by Sean Redmond, Free Enterprise
U.S. Chamber of Commerce
Last month, the Bureau of Labor Statistics (BLS) released its annual report on union membership, which has been on a 50 plus year downward trend as this blog reported at the time. In response to this ongoing decline, many unions have pursued some interesting tactics to recruit new members and keep themselves alive.
For example, the once-indomitable United Auto Workers (UAW), which had around 1.5 million members in the 1970s compared to its 380,000 today, has branched into industries that have nothing to do with auto work, such as education, gaming, health care, and government, to stave off further losses. Other unions have started branching out in similar ways, which to say the least has blurred the lines between union “jurisdictions” that historically have been important to the movement.
Likewise, the United Food and Commercial Workers (UFCW) also has reached into various industries beyond its traditional jurisdiction, and it now represents employees working in disparate fields such as health care, meatpacking, and textiles. A recent Reuters article explains that UFCW leaders also have been expanding the union’s ties to the medical marijuana industry because they expect that industry to bloom. Thanks to increasing efforts to legalize the drug in various states, efforts the UFCW has actively supported for the last few years, the union hopes to organize a bumper crop of marijuana workers to add to its increasingly diverse cast of members.
With states like California and Colorado having passed measures to legalize pot, some analysts believe that the medical marijuana industry could grow to a staggering $8.9 billion in just the next few years. For the UFCW, that means as many as 100,000 potential new members who could feed the union’s addiction to coerced dues money, while the marijuana dispensaries could ostensibly gain some legitimacy for peddling their wares by associating with the institution of organized labor.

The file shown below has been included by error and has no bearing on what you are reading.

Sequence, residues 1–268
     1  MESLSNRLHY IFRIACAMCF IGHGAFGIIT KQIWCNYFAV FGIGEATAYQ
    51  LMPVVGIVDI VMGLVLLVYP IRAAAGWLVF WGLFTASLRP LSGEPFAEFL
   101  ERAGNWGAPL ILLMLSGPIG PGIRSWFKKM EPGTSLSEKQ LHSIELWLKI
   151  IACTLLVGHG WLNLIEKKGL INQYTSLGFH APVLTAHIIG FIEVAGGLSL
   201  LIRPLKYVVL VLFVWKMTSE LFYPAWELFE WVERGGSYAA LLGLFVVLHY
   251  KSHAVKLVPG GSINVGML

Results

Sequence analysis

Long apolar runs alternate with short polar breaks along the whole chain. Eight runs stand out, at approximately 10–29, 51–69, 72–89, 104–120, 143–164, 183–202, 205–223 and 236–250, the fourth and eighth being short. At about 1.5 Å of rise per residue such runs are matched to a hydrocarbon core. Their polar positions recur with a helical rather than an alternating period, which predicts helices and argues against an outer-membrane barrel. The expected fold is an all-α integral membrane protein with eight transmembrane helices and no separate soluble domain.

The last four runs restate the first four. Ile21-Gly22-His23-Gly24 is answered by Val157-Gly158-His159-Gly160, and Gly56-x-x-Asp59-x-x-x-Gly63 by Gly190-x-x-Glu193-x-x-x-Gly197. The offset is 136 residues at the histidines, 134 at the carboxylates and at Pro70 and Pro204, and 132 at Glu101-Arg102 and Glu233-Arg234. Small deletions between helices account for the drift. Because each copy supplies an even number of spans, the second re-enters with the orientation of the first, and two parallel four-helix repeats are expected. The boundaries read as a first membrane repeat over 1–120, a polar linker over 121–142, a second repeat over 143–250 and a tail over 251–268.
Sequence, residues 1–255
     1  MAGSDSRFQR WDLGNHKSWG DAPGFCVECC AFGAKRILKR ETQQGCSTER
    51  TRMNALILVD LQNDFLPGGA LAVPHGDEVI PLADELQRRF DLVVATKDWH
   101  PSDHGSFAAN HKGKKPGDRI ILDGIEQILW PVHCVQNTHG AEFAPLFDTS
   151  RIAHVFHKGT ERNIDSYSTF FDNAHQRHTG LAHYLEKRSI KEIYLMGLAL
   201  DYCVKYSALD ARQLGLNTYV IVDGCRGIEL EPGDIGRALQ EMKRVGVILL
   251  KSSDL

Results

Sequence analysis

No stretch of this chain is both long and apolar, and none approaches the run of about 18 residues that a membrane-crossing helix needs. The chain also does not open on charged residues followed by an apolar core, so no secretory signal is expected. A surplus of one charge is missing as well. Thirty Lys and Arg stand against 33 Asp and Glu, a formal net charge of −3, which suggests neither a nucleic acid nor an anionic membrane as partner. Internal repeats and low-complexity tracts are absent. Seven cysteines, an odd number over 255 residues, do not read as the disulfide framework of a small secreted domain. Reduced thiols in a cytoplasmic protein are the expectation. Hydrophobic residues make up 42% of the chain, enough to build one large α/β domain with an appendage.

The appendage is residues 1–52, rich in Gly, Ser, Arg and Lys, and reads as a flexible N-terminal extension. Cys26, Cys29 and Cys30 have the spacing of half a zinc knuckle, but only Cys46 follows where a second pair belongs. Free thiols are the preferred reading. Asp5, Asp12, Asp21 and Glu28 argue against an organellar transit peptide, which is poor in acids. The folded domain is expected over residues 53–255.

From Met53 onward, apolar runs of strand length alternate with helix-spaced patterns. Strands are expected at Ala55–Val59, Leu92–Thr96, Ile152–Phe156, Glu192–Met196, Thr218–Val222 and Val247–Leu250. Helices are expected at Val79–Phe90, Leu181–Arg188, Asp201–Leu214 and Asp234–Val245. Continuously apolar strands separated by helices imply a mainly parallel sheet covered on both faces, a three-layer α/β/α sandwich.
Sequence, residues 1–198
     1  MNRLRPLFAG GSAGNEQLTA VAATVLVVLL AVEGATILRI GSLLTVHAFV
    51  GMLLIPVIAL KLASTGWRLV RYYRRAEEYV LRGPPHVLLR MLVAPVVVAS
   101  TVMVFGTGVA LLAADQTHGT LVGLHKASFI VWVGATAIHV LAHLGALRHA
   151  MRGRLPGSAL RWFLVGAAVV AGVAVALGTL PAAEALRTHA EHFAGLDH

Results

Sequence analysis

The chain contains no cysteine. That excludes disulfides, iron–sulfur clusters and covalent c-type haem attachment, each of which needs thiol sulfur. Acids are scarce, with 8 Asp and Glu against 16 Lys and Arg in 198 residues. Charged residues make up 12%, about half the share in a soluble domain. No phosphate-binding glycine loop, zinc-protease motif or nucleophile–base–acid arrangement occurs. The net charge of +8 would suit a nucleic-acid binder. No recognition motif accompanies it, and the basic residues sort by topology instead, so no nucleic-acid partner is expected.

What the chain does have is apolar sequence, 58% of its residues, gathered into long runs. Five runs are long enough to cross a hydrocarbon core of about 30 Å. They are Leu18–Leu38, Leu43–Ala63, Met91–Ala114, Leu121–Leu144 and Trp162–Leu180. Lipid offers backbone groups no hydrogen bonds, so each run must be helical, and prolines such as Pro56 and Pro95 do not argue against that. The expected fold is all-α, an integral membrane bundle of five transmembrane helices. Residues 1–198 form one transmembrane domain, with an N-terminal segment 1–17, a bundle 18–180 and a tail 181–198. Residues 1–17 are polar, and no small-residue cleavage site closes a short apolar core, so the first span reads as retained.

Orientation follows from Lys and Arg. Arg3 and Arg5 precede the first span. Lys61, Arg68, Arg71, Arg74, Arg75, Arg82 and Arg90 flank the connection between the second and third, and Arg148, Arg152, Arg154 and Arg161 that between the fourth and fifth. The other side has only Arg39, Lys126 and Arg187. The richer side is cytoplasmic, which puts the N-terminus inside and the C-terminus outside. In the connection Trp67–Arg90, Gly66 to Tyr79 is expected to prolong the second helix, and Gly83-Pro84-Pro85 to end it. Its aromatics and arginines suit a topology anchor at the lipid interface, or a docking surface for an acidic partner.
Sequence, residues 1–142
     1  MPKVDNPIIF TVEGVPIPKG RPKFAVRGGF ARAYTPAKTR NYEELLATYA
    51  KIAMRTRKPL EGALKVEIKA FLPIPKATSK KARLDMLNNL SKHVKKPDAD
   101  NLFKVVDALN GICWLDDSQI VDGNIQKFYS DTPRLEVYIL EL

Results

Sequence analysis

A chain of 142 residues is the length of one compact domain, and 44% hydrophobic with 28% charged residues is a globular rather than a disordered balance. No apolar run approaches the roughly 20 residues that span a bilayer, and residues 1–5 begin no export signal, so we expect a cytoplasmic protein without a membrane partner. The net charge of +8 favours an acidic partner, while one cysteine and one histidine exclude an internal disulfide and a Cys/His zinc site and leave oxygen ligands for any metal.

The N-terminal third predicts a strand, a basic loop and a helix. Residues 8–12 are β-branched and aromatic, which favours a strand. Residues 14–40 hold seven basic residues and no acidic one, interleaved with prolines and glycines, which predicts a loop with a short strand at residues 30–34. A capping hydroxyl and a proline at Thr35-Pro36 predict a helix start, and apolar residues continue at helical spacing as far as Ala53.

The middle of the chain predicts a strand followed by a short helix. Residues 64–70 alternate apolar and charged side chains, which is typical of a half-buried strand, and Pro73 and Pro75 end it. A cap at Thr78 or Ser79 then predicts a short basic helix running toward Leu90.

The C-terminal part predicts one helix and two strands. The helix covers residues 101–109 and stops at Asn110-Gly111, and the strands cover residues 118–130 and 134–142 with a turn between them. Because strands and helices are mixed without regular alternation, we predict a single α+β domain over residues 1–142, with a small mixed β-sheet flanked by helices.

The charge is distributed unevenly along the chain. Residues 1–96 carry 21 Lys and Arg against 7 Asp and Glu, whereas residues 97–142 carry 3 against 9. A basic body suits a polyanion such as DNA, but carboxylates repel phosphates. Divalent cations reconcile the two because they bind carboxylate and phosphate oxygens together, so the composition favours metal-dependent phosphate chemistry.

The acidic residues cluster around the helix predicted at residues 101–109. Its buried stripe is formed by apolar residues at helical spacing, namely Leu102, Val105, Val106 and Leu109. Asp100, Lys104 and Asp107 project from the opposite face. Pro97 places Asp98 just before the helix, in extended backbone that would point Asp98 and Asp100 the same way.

In addition to supporting efforts to legalize pot, the UFCW also wants to engage in some old-fashioned market manipulation as well. With an estimated 900 marijuana dispensaries in Los Angeles alone, UFCW Local 770 is promoting a ballot initiative that would cut that number back to 130, including, of course, the 50 or so that are already unionized. As the article points out, if the measure succeeds, “it would put most of those dispensaries out of business – and could make the UFCW a dominant player” in the pot industry. Perhaps that is what one UFCW official had in mind when he said, “The marriage of the cannabis-hemp industry and UFCW is a natural one.”
Observers of labor policy are well aware that unions spend tens of millions of dollars to shape public policy to their advantage, and promoting ballot measures to legalize what the Drug Enforcement Administration classifies as a Schedule 1 narcotic is but one more example, albeit one more cynical than most.
Apparently, when it comes to narcotics and dues money, the UFCW has a hard time just saying “no.”
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